Ashland Co, Ohio when interviewed by Lyman Draper in 1860, see his report below:
Thomas McGuire came early from Ireland and settled on South Branch of Potomac and there married. Hunted there several times with George Washington on bear hunts while out surveying, Washinngton was very penurious in personal expenses, but generout to the needy. Washington,, James Parsons and John McCormick brought up a negro to keep camp, while making an autumnal bear hunt in the mountains of Hampshire County. There Francis McGuire was born in 1755 (sic) and was raised and Robert McGuire in 1760 (sic) - the boys being William, Francis, Robert, (Thomas), Hugh and John and several girls.
In 1772 Thomas McGuire and family settled on the dividing ridge between Cross Creek and Buffalo, just in the edge now Hopewell Twp, Washington Co. Here erected a block- house - McGuire's - the first in all that region. Francis when quite young went back to South Branck and married and settled on Buffalo Waters, 5 miles from the Ohio and 8 miles from the mouth of Buffalo - in the edge of Virginia - there erected a fort called McGuire's Fort and commanded there.
In 1772 (likely later) Thomas McGuire, his son, Francis McGuire, Luke and Isaac Schemerhorn and one other, while camped at the Big Mound at Grave Creek - making tomahawk improvements - the McGuires and the other person left for home, leaving the Schemerhorns in camp, who remained to further improve and take care of their claims, when one afternoon some Indians stole up and fired at them, killing Isaac and so cutting off all chance to retreat, that Luke Schemerhorn surrendered himself. He had tied around him a very nice belt and an Indian untied it and commenced unwrapping it, when Schemerhorn darted off, leaving the Indian grasping the belt and being fleet of foot, he escaped.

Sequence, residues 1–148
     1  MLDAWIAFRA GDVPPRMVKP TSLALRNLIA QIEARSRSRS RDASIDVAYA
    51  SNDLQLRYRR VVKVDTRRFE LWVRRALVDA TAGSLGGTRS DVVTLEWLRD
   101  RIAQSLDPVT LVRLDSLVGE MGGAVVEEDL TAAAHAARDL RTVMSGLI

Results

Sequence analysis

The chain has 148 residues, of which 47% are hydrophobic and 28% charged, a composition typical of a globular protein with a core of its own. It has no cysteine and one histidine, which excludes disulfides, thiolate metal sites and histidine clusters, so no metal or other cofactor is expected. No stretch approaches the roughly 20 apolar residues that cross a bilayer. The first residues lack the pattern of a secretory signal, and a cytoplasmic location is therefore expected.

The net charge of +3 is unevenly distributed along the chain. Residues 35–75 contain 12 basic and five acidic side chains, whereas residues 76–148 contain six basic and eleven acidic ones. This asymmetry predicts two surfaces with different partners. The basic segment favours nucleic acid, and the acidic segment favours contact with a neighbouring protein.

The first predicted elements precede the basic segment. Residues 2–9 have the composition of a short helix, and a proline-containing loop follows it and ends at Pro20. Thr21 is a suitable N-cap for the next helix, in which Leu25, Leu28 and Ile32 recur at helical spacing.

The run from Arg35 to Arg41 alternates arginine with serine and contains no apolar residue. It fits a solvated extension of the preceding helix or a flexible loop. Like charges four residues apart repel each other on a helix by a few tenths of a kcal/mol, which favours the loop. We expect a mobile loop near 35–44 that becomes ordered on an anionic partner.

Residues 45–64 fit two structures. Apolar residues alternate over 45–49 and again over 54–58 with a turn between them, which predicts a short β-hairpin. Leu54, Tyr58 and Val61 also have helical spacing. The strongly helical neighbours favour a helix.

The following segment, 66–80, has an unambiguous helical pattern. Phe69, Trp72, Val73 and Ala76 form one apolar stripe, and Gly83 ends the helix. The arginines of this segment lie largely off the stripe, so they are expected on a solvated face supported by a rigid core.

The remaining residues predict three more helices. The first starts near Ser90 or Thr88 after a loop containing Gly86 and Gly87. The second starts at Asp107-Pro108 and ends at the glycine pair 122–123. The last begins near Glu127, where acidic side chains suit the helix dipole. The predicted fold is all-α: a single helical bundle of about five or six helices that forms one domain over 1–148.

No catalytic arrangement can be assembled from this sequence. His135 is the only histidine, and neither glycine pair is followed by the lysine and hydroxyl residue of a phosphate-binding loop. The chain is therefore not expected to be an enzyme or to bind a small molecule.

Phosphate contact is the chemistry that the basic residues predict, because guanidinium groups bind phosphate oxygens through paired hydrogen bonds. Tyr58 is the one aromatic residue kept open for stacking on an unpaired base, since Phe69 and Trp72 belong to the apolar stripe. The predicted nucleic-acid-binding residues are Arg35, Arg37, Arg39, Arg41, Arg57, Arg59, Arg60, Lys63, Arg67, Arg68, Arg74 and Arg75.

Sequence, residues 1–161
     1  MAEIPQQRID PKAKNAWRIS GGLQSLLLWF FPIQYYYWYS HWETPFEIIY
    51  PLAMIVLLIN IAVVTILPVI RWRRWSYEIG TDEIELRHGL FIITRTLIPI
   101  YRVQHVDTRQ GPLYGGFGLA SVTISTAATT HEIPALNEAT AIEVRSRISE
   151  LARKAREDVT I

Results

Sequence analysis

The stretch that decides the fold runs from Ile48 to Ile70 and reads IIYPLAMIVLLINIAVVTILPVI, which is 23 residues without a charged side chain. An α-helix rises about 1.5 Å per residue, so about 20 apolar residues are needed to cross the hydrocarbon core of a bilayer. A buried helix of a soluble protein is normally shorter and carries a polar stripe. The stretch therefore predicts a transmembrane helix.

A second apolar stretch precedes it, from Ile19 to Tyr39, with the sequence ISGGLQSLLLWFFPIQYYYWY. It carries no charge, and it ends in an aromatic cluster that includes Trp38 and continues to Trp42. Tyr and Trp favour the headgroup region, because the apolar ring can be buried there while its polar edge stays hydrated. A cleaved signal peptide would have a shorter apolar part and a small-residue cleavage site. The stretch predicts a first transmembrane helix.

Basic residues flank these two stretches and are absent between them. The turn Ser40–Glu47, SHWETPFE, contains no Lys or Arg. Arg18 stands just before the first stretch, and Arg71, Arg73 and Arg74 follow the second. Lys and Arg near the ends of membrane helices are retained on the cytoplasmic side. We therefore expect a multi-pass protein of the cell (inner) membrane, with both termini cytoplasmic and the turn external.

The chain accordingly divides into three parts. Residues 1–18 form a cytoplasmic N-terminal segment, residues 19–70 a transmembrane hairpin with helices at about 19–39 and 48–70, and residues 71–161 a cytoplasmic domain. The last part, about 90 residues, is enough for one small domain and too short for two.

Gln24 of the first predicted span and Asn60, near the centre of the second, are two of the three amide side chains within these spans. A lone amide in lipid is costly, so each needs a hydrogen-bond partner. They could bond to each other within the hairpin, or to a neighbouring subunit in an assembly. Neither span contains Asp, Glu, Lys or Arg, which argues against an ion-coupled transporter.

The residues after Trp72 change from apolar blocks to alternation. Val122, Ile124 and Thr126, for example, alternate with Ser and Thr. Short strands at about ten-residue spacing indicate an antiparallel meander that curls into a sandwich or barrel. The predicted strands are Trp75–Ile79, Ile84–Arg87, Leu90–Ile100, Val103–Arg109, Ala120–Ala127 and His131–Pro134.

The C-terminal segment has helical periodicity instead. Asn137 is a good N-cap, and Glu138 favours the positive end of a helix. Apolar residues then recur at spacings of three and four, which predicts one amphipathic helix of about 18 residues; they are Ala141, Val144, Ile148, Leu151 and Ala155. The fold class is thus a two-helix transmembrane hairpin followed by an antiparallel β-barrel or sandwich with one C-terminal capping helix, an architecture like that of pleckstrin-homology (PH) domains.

He was subsequently on the Moravian campaign and favored killing the Moravian Indians.
ROBERT McGUIRE'S ADVENTURES
During a summer night about 1778, the horses aroung McGuire's Block-house were heard running around, jungling their bells, as if greatly alarmed. Next morning 2 horses were missing - one was Robert's - brother of Francis McGuire. Robert started off alone to see what he could descover, when Simon Girty darted from behind a large root of an upturned tree and jumped upon his back and held him fast.
When an Indian the other side of the root struck at McGuire with his tomahawk, McGuire threw up his right hand to protect his head and received a severe wound in the palm of his hand. Girty baade the Indian desist and tied his prisoner with tugs. They now let the horses loose, which they had tied with bark, having only caught them so as to entrap whoever might follow after. They now directed their course to the mouth of Cross Creek, where the Indians had a bark canoe, in which they with their prisoner descended to Ohio to McMahon'c Creek and up that stream to its head.